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That became clear when Busch first challenged Christy‘s ”reporting“ techniques. She dropped by a store that was featured repeatedly in the column and asked if there was some ”relationship“ with the writer. When word got back to Christy, he complained to the publisher, and Dowling assigned the column to another editor. When Robb began nosing around the same territory, Dowling tried to steer him off as well. And when Robb filed his story, Dowling refused to read it and assigned the matter to another reporter.
That’s when Robb quit; a week later, Busch and Laski followed suit. Stung by their challenge to his ethics, Dowling responded with one of his own, a letter to readers castigating Robb and Busch for harboring ”personal agendas that ultimately led to a glaring lack of objectivity.“ In a related altercation with staff of the Directors Guild, Dowling said, ”Robb crossed the line of standards and ethics.“
Christy‘s ethics, however, were never a problem for Dowling. In fact, the star columnist might have survived the trade-paper tempest unscathed, but he committed a breach more egregious than anything he did in print: He failed to honor his sponsor.
Christy was suspended May 25. According to executives at the Reporter, the ouster came only after Christy lied to Dowling when asked if an office that the Reporter had rented for the columnist was in any way connected to Motion Picture Corporation of America. MPCA was the film-production entity that was named, in 1993, in a pension-fraud civil lawsuit involving Christy (the suit was settled out of court).
Dowling could handle the allegations that Christy was padding a pension account by getting film pals to credit him for work he didn’t perform. But he couldn‘t handle being lied to.
Thus began a slow-motion exit that led to what could be the longest paid leave of absence since Napoleon took a one-way cruise to Elba.
On June 4 the Reporter made this offer: If Christy resigned immediately, he would get two weeks of severance pay for every year he worked (at 26 years, the total would be about $70,000), be allowed to pen a farewell column, and have access to the personnel files of former reporter Robb and former editor Anita Busch without a subpoena to determine if Christy could get a defamation suit against them up and running. Dowling would even throw a going-away affair for the 70-year-old columnist.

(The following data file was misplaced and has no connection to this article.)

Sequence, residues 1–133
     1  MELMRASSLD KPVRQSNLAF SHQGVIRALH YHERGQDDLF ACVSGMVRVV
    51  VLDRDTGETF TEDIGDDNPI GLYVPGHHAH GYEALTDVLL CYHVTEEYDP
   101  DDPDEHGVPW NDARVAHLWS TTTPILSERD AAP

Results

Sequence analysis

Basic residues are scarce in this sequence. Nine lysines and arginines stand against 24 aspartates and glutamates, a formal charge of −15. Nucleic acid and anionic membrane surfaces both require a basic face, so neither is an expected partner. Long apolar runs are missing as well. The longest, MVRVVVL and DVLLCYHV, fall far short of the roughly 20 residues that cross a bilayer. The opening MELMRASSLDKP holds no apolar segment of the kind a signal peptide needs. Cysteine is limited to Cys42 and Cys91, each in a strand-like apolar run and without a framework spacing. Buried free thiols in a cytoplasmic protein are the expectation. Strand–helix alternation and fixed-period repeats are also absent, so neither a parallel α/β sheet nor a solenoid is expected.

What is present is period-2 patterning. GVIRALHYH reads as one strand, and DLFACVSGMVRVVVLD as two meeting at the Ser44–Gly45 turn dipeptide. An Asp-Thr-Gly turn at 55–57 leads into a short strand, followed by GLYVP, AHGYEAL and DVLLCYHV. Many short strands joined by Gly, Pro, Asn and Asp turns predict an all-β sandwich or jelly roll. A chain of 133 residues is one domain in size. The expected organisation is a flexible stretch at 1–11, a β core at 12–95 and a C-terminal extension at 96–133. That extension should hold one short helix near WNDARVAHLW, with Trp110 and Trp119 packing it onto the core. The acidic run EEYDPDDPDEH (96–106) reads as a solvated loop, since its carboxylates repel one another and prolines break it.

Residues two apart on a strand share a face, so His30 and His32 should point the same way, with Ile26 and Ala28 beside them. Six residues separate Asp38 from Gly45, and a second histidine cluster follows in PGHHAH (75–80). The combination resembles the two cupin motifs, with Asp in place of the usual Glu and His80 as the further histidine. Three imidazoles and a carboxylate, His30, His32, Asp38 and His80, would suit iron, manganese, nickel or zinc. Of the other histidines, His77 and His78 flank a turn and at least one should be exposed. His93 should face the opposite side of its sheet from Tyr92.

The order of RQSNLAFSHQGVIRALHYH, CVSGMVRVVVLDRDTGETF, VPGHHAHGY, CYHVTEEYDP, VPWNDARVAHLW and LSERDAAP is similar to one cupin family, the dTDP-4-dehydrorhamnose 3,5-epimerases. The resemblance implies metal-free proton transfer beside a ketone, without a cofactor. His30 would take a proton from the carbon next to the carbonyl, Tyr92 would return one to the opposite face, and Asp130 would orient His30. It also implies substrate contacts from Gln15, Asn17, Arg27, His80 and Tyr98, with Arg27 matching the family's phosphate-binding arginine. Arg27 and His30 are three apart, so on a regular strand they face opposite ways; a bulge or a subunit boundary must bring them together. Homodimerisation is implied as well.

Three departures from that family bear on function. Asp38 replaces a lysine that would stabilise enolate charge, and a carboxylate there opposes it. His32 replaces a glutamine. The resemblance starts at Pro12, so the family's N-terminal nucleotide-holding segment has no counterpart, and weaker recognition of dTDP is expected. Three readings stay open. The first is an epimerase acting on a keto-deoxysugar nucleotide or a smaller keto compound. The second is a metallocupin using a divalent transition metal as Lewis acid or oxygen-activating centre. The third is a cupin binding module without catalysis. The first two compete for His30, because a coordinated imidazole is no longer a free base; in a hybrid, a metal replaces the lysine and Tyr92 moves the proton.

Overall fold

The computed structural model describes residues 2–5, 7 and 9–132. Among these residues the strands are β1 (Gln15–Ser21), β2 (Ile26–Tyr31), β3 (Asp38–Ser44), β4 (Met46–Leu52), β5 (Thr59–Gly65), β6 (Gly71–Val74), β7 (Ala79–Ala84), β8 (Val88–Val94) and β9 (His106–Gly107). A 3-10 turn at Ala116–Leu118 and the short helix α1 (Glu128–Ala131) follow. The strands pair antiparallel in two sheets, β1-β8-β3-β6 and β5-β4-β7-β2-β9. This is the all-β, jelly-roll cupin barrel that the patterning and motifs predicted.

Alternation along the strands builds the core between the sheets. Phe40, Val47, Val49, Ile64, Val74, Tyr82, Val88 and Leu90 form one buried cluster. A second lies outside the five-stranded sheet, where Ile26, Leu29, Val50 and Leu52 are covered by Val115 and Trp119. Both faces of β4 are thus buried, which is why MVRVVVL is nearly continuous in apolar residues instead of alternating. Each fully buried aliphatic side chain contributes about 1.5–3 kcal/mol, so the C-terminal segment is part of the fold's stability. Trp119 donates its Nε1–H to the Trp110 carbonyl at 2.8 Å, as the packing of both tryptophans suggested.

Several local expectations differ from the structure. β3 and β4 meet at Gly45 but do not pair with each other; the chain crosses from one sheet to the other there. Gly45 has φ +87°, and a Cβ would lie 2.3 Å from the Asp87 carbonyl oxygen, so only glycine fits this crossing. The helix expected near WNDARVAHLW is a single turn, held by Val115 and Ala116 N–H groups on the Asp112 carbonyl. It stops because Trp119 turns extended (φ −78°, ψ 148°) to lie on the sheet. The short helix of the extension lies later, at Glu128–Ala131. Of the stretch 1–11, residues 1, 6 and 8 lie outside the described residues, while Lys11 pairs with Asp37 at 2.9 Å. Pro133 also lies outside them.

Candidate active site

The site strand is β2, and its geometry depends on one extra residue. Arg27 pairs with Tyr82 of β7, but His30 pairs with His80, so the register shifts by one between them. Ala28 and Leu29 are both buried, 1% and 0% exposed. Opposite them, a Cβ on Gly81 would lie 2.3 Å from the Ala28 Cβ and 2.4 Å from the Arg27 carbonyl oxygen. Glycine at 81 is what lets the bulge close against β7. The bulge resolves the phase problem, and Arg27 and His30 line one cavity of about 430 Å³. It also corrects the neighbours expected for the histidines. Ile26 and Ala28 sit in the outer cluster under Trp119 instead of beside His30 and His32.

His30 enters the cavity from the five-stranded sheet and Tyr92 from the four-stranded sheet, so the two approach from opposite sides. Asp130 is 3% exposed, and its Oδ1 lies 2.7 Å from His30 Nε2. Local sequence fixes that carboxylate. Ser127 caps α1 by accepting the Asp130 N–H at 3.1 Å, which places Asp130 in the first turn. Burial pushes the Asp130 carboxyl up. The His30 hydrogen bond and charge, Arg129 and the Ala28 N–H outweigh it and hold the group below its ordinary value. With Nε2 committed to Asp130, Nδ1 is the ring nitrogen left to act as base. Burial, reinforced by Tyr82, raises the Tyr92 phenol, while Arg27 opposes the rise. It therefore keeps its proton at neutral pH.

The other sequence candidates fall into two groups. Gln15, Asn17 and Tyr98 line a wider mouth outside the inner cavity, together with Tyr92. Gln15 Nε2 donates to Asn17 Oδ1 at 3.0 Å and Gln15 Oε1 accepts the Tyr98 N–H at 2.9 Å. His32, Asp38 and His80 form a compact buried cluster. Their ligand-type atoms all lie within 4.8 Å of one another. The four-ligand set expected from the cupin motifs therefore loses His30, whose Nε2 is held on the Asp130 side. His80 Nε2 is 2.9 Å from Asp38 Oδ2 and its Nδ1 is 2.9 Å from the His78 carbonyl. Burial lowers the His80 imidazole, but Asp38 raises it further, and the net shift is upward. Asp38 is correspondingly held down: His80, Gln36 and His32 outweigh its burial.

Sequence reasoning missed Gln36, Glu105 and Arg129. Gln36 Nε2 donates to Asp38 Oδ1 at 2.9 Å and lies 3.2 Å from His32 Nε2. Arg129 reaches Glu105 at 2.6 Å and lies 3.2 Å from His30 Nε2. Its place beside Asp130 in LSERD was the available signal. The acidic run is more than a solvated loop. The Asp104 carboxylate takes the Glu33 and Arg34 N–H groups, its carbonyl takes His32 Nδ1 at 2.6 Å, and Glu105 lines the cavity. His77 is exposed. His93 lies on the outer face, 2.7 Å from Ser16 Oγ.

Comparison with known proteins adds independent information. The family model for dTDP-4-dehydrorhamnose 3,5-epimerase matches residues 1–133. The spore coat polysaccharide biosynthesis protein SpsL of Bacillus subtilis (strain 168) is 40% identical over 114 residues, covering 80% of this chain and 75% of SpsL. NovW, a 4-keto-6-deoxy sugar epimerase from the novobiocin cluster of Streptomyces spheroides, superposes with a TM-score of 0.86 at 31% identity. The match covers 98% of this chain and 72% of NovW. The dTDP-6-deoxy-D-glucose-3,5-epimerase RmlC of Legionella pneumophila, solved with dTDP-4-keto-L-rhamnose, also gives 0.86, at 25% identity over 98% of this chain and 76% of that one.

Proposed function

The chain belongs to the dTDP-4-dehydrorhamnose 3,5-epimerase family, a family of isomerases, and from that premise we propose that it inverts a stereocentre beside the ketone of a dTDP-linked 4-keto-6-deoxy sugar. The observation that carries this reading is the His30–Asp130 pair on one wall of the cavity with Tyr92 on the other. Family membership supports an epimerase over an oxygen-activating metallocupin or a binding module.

It took a while for Lane to respond.
”Let me get this straight,“ he posited. ”You want to fire my client and then throw him a party?“
Christy’s next move was to retain a veteran Beverly Hills publicist and trial litigator, Gatti, a courtroom pit bull whose client list includes stars like Bob Dylan and Paula Abdul. In mid-June, Christy demanded his job back. When refused that, lawyer Gatti supposedly demanded $300,000 and threatened to file suit if he didn‘t get it. The Reporter balked, and nothing was settled.
In the last week of June, in fact, a lawyer for the Reporter told the Weekly: ”There’s no guarantee that George is leaving the Reporter.“
There‘s been mostly silence since, leaving Christy and his lawyers frustrated, but judiciously patient. ”Dowling doesn’t know if he‘s waiting for the results of the SAG investigation against George or his own new job,“ claims attorney Lane. ”All Dowling knows is that it’s bad juju to go public and say he‘s firing George.“ (Dowling did not return repeated calls for comment.)
The message all of this sends about ethics is, at best, mixed. Lane makes a point to say that Christy never crossed the only line that matters -- a line he draws at graft, not swag. ”George never engaged in graft -- which is demanding payment in exchange for coverage,“ Lane says.
As for Busch and Robb, they have their ethics intact, but unlike Bart or even Christy, they haven’t seen another paycheck. By resigning on principle, they forfeited even a claim to severance money.
Reporting by Ross Johnson